The 'horse' medication that I think you are referring to is called endotoxin antisera. It is administered once IV. Some veterinarians use it, some do not. It is used to help prevent endotoxemia from the intestinal bacteria.

One of the best medications used with parvo is Tamiflu (oseltamivir phosphate). The survival rate with this medication is enhanced; however, it needs to be given early in the state of the disease. This can be obtained from most human pharmacies.

With respect to your question on parvo virus and obstructions, I should not that one of the complications of parvo virus, especially if untreated, can be intussusception which is a telescoping of the intestines inside itself. The intestines then creates its own obstruction and without surgery is fatal. I am sure that your veterinarian team is monitoring for this complication while he is hospitalized.

I am glad that you have his hospitalized at the veterinary hospital. Please let us know how he is doing. :pawprint:

mummummum
July 13th, 2007, 10:51 PM
It sounds like the veterinarians feel that foreign body obstruction has been ruled out, correct?? Is there a reason why you are still worried about a foreign body obstruction?
...With respect to your question on parvo virus and obstructions, I should note that one of the complications of parvo virus, especially if untreated, can be intussusception which is a telescoping of the intestines inside itself. The intestines then creates its own obstruction and without surgery is fatal. I am sure that your veterinarian team is monitoring for this complication while he is hospitalized.

I think the Op is worried it is intusseption rather than a foreign object but just doesn't know it :

"but at the second radiography about 15 minutes of the first time barium was given they saw a kind of foreign object it was like round circle object with a black center and we though that was the object obstructing the intestine."

Likely the Vet either didn't explain that what looked like a circular object could be a partial "telescoping of the intestines inside itself" or it was not understood.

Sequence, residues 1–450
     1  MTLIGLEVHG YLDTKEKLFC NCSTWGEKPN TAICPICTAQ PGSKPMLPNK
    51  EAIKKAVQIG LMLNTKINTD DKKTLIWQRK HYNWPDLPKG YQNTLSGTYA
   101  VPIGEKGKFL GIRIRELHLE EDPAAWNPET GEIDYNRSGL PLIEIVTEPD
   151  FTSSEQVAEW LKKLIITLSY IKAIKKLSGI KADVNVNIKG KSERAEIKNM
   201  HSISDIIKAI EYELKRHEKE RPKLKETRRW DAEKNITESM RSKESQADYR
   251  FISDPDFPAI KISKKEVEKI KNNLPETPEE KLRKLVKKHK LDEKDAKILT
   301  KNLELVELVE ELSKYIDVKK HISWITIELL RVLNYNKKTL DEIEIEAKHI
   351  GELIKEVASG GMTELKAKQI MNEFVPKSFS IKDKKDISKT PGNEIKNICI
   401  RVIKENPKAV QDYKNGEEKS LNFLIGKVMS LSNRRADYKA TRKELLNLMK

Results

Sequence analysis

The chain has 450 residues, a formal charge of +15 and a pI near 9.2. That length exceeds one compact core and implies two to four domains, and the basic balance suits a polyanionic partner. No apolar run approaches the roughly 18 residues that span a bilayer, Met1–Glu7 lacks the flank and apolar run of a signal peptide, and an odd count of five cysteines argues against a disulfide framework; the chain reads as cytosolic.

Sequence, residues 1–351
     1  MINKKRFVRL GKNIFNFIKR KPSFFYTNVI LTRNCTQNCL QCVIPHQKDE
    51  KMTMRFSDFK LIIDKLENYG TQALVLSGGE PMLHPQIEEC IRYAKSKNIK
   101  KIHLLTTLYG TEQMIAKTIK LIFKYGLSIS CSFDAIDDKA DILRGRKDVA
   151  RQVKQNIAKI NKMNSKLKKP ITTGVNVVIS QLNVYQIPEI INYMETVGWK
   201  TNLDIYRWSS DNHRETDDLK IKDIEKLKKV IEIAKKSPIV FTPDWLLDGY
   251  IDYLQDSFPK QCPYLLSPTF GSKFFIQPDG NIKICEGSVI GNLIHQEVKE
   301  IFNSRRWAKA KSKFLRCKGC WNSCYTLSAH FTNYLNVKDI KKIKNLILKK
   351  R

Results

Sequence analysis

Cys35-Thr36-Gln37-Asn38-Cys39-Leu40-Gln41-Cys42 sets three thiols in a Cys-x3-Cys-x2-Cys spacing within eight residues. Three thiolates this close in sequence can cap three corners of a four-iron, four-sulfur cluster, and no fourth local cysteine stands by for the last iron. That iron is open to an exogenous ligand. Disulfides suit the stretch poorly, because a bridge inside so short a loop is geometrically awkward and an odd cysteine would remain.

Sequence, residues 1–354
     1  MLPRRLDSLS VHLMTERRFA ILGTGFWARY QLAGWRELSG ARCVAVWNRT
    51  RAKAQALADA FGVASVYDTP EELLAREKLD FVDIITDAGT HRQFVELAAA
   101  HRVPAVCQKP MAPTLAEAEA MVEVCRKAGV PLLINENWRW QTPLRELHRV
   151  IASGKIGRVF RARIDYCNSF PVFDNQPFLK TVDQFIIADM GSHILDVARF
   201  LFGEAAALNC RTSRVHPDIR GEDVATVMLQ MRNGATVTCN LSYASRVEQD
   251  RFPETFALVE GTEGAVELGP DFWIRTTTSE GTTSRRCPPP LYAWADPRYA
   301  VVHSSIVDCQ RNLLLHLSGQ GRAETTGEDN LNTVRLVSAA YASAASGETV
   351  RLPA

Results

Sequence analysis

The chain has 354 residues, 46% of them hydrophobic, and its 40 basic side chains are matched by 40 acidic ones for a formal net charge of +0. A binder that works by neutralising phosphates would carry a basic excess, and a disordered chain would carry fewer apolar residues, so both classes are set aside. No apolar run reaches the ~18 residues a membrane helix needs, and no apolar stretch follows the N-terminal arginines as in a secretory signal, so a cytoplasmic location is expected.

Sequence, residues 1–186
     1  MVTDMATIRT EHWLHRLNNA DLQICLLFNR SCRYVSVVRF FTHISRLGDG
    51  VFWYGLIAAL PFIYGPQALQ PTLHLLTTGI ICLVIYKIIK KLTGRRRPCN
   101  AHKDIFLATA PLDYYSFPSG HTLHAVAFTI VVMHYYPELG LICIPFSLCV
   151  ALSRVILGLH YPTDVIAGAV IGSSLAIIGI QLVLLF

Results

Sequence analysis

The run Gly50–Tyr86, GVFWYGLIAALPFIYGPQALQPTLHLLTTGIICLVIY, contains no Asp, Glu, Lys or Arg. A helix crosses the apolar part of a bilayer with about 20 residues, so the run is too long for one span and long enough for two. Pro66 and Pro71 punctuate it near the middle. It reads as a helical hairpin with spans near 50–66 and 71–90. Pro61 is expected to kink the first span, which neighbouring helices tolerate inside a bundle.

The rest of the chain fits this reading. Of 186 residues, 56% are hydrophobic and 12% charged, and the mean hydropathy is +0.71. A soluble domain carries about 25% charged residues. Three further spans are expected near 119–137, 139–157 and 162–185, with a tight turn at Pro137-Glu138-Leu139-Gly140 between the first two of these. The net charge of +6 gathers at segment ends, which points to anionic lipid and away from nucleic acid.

Let us know how your wee one makes out Eddyrmz. Parvo can be frightening but it can be cured with some degree of success if caught in time and treated properly.

eddyrmz
July 16th, 2007, 06:27 PM
In short: the clinical signs for intestinal obstruction and parvovirus are overlapping. Also other diseases can have similar signs. (If they all had tell tale clinical signs without confusing overlap, then the need for testing would not exist). It sounds like the veterinarians feel that foreign body obstruction has been ruled out, correct?? Is there a reason why you are still worried about a foreign body obstruction?

Haven't they run a parvo fecal ELISA testing? If the pet has never been vaccinated for parvo, then that would be a likely cause of the clinical signs. Also if the pet has never been vaccinated, then false positive testing is not likely. False positives usually occur when vaccinations for parvo have been given within a couple of weeks of the testing.

Your questions on other medications and parvo treatment:

The mainstay of therapy is supportive care including IV fluid therapy, antibiotic therapy, antiemetics (anti-vomiting) medications, etc... Close monitoring of red blood cell percentage and blood protein are often needed in addition to the standard monitoring of clinical signs. Most do well in the hospital. As Mac is four months old and is a large breed dog, his chances are better than smaller, younger dogs.

The 'horse' medication that I think you are referring to is called endotoxin antisera. It is administered once IV. Some veterinarians use it, some do not. It is used to help prevent endotoxemia from the intestinal bacteria.

One of the best medications used with parvo is Tamiflu (oseltamivir phosphate). The survival rate with this medication is enhanced; however, it needs to be given early in the state of the disease. This can be obtained from most human pharmacies.

With respect to your question on parvo virus and obstructions, I should not that one of the complications of parvo virus, especially if untreated, can be intussusception which is a telescoping of the intestines inside itself. The intestines then creates its own obstruction and without surgery is fatal. I am sure that your veterinarian team is monitoring for this complication while he is hospitalized.

I am glad that you have his hospitalized at the veterinary hospital. Please let us know how he is doing. :pawprint:





Hey
:)
today i went to the hospital and they gave me back MAc, im really happy i went on saturday and he has been treated with iv hydratation and some antibiotics. now on monday the vet told me Mac havent vomitted nor evacuee since he has been canalized IV, he began to eat early morning orally some dog food and some water still at the hospital.
so i brought it back home today at 4 pm, he was feeling so good until he drank a lot of water and he vomitted twice i think because of the lot of water he drank.

the vet prescribed mac amoxicilin each 12 hrs,
metoclopramida and also riopan i guess its as an antiacid. for some 4 to 5 days.


well thanks for replying and i will be back in touch with you to tell you hows doing mac!! i hope it gets better :fingerscr

ok bye!!!

Dr Lee
July 17th, 2007, 09:31 AM
Glad to hear Mac is doing better! :dog: